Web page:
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Recently I had an interesting conversation with a fellow developer who told me that every time you write a "try" it is mandatory to provide a "catch". He could not explain why this rule. He told me that it was a principle of good programming. Why this rule?

For your information I'm not agree with him. I think that sometimes you could write a "try" block with only a "finally" block. But it's true that I think if you write a "catch" you must do something in your catch. Never just re-throw the error.

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closed as not constructive by sloth, Tim Schmelter, casperOne Sep 11 '12 at 12:29

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Yes. You should add catch block ONLY if you are intend to handle the error. –  Ratan Sharma Sep 11 '12 at 12:10
    
I agree with your query regarding just sometimes using try/finally. try/finally can be useful when cleanup is always required, but exceptions will be dealt with at a higher level (or logged). So useful, in fact, that there's built in support (in C#) for generating them (using and IDisposable‌​) –  Damien_The_Unbeliever Sep 11 '12 at 12:11
    
the catch statement or finally statement is mandatory in some language syntax in java and java script if you don't write them it'll not compile. and main value is to catch a different exception types and do what is must do either the statement fails or execute successfully. –  Prog Mania Sep 11 '12 at 12:12
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Related: stackoverflow.com/questions/128818/… (but is also offtopic by now according to FAQ) –  Tim Schmelter Sep 11 '12 at 12:12
1  
How can this be "not constructive" ? That's a basic question, with definitive and non ambiguous answers, regarding one of the most basic constructs of many languages. –  dystroy Sep 11 '12 at 13:41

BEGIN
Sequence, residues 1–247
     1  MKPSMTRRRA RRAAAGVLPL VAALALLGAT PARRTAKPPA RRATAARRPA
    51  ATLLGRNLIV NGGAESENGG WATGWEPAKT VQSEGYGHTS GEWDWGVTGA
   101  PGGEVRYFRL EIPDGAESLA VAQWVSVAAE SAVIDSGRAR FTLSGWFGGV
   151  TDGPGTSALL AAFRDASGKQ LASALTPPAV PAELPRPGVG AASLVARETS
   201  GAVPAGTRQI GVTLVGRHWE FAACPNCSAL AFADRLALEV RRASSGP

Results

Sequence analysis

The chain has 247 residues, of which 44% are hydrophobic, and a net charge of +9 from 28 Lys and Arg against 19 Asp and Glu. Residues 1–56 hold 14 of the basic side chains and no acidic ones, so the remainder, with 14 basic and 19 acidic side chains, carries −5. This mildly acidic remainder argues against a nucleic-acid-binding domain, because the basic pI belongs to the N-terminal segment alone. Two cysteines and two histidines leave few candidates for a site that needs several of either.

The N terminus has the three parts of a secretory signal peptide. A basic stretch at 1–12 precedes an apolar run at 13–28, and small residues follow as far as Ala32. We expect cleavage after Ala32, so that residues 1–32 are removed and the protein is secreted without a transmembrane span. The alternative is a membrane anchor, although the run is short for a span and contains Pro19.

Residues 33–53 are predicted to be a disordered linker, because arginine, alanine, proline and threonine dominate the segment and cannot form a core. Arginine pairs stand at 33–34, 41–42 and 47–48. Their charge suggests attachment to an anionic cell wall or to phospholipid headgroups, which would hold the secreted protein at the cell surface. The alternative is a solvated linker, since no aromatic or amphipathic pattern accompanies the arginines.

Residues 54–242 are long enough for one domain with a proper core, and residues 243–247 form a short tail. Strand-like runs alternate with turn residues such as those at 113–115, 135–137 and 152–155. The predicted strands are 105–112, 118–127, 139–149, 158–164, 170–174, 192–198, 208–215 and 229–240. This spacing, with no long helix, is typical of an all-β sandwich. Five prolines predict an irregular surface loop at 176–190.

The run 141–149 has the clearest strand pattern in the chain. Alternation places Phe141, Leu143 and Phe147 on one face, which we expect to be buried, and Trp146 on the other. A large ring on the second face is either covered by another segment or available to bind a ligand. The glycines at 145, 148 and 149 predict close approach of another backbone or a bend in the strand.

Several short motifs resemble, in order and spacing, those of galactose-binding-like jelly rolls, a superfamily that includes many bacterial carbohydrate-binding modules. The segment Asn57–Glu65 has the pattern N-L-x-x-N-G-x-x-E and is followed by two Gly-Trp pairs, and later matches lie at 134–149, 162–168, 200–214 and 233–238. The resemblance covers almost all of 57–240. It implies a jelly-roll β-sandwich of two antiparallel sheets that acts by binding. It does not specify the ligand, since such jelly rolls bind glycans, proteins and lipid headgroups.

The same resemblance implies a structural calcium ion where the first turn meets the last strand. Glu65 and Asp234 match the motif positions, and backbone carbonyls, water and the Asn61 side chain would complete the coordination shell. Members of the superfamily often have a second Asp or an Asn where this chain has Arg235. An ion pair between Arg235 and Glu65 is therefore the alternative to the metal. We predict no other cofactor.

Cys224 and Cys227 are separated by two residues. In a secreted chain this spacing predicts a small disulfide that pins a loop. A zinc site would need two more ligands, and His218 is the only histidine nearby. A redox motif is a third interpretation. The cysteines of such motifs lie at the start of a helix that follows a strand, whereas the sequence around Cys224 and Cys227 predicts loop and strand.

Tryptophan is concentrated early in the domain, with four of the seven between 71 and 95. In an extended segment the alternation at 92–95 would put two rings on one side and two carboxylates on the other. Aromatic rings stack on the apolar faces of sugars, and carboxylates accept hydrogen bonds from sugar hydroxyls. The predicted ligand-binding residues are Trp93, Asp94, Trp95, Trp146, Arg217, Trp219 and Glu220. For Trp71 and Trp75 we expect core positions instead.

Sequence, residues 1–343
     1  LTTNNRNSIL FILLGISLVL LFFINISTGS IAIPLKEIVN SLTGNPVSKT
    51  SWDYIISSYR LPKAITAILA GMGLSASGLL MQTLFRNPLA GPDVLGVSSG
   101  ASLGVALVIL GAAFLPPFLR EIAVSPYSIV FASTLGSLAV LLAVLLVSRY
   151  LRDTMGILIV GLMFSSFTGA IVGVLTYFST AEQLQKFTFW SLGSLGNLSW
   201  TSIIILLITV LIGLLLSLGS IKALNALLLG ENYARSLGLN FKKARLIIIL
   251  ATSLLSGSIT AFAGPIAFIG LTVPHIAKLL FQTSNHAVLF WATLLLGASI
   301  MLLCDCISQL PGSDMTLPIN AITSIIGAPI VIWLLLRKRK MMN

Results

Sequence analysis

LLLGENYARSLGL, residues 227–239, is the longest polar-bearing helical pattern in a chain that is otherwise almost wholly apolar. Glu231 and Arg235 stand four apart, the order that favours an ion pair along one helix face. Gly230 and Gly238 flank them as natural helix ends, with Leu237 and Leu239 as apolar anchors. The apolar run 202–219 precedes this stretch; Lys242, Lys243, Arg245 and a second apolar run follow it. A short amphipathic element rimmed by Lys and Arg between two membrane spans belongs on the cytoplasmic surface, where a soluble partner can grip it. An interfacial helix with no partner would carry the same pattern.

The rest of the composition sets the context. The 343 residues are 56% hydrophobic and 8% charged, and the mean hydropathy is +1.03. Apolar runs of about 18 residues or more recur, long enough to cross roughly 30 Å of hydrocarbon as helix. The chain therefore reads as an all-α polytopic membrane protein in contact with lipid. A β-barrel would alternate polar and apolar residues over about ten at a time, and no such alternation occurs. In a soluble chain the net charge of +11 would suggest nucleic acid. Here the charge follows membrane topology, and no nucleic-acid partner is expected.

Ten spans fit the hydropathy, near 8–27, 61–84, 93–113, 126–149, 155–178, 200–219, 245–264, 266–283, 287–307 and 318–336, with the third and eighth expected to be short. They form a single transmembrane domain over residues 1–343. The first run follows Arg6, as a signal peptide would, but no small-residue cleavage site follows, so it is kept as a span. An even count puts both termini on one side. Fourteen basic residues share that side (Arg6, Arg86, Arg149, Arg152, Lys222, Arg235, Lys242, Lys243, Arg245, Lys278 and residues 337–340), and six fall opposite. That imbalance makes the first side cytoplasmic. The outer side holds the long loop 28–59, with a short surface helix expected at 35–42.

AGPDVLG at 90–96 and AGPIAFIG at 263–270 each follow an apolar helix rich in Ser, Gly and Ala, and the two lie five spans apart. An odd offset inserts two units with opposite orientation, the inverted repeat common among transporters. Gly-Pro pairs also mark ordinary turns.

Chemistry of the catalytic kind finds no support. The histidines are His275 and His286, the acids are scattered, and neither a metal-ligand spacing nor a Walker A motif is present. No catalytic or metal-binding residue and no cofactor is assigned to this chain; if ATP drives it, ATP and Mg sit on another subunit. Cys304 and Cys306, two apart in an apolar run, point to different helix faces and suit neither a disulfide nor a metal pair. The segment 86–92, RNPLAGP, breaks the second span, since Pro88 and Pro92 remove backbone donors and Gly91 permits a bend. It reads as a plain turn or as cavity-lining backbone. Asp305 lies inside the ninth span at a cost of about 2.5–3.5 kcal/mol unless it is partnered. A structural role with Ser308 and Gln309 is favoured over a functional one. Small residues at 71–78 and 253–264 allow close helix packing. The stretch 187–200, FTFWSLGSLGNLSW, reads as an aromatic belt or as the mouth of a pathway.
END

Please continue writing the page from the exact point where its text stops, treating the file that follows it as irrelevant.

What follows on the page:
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3 Answers 3

You're right : you don't need to write a catch clause if you don't know what to do with the exception and just want to ensure your finally clause is executed.

It's bad practice to add a catch clause just to rethrow the exception.

As an aside, to illustrate that catch and finally are in fact related to two different (admittedly not foreign) problems, note that some languages use a different construct for the catching of exception and to ensure some code (usually resource release) is executed. Go use defer for example.

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In most applications try/finally constructs heavily outnumber try/catch constructs.

Because it's much more common to have resources to clean up than it is to receive an exception you know how to handle.

However try/finally is nearly always replaceable by using in C#, so in C# your developer might have a point in that case; but it most definitely isn't a "a principle of good programming".

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try
{
    ...
}
finally
{
    ...
}

Gives you the opportunity to execute code in the finally block that would otherwise get missed if an exception were thrown in the try block. You only need to add a catch block if you have something specific to do when an exception occurs.

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